Side view of Virabhadrasana II
|English name(s)||Virabhadrasana I
Warrior Pose II
|Sanskrit||वीरभद्रासन / Vīrabhadrāsana|
|dṛṣṭi (eye focus)||Hastagrahe dṛṣṭi (to palm)|
|Asana type||Standing Asanas|
|Muscles working||hamstrings, gluteus maximus|
The myth is that the powerful priest Daksha made a great yagna (ritual sacrifice) but did not invite his youngest daughter Sati and her husband Shiva, the supreme ruler of the universe. But Sati found out and decided to go alone to the yagna. But when she arrived, Sati entered into an argument with her father. But unable to withstand the insults she spoke a vow to her father, “Since it was you who gave me this body I no longer wish to be associated with it.” She walked to the fire and threw herself into it. When Shiva heard of Sati’s death, he was devastated. He yanked out a lock his hair and beat it into the ground, where up rose a powerful Warrior. Shiva named this warrior, Virabhadra. Vira (hero) + Bhadra (friend) and ordered him to go to the yagna and destroy Daksha and all his guests.
- Virabhadra's first aspect, (Vīrabhadrāsana I) is his arrival, with swords in both hands, thrusting his way up through the earth from below.
- In his second aspect, (Vīrabhadrāsana II) he sights his opponent, Daksha.
- In his third aspect (Vīrabhadrāsana III), moving swiftly and precisely, he decapitates Daksha’s with his sword.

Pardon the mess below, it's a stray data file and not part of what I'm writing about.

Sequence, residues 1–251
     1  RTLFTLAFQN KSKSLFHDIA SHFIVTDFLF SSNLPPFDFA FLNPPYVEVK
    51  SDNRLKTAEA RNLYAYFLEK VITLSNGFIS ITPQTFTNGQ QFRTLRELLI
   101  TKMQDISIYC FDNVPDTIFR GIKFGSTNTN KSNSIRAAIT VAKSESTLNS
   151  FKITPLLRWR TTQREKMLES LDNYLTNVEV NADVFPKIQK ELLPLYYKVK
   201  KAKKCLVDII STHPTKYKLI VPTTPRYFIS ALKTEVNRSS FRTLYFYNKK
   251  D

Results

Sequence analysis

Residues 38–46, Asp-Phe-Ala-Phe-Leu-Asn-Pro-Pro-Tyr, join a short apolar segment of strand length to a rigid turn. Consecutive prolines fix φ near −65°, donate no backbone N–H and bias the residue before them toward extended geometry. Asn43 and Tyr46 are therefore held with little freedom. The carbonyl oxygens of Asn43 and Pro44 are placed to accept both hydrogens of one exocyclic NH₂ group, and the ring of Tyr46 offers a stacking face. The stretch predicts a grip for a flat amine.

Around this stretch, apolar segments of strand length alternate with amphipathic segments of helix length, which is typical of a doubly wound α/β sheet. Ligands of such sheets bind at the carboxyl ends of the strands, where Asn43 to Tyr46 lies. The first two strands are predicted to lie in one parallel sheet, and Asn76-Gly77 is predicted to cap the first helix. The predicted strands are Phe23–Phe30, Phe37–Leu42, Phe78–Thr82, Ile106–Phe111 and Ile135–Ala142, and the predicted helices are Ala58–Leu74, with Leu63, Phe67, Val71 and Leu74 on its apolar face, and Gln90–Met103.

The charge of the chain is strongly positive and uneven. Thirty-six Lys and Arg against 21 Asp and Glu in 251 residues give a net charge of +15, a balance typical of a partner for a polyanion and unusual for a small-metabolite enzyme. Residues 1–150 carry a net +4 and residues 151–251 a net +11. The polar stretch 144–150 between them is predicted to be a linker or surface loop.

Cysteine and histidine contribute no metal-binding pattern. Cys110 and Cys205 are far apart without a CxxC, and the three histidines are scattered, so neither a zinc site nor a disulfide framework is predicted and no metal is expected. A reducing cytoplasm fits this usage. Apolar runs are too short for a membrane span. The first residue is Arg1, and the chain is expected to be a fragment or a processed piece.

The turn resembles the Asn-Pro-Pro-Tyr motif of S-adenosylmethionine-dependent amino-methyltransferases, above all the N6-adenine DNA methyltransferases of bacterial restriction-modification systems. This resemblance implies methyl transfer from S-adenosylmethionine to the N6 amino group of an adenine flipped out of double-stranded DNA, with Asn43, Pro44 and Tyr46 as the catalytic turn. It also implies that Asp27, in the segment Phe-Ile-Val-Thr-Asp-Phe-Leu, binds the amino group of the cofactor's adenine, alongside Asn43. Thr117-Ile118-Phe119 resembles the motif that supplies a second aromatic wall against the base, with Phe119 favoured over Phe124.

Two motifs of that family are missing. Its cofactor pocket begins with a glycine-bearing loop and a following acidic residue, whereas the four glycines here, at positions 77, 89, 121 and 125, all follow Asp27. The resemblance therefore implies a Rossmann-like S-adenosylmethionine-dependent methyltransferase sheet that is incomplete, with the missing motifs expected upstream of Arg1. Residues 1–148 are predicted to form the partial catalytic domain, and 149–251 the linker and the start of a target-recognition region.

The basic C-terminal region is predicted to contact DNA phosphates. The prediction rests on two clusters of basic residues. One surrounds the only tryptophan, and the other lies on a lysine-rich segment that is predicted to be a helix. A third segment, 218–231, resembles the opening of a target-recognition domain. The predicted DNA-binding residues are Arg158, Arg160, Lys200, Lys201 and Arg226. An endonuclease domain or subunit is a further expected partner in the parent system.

Shiva then arrives at the yagna and sees the rout that Virabhadra had wrought. Shiva absorbs Virabhadra back into his own form and then transforms into Hare, the ravisher. Filled with sorrow and compassion Shiva finds Daksha’s body and giving it the head of a goat, brings him back to life. In the end Sati is also reborn.
Virabhdadra is not simply a bloody warrior. Like Shiva, he destroys to save: his real enemy is the ego. “By cutting off the head of the ego, Virabhadra helps remind us to humble ourselves.
- Starting from Tāḍāsana
- The arms are stretched up, palm touching.
- Inhaling spread the legs sideways by jumping or stepping, creating a gap of 2/3 body height.
- Exhaling turn the trunk facing to the left while rotating the left foot 90° so it faces forward and the right foot so it points slightly to the right
- Bend the left knee till the thigh is parallel to the floor, avoid extending the bent knee past the ankle and keeping the other leg straight.
- Stretch the right leg, with the knee locked.
- The head, chest, left knee and left foot should be aligned facing forward.
- The head should be horizontal with the gaze on the second finger of the left hand.
- Hold the asana from one to four breaths.
- Return to Step 4 repeat on the other side.
- Finally exhale and jump into Tāḍāsana.
Use of bandhas increase the stability of the body in this asana. Both mula bandha (root lock) and uddiyana bandha (abdominal lock) should be engaged. This creates an axial extension in the spine which assists in supporting in the torso as the chest is brought up and back.
There are two ways to deepen this asana:
- by decreasing the lateral distance between the feet
- by increase the size of the stride
While the center of mass becomes lower, the base of support is reduced and it becomes increasingly more difficult to maintain balance and the correct posture.
- Tones the leg muscles.
- Increases flexibility of back and legs.
- Contracts the abdominal organs.
- Prepares practitioner to do the advanced forward bends.
This asana should be avoided by practitioners who have a weak heart. Other obstacles are:
- Tight latissimus
As the gap between the legs increases other problem may present:
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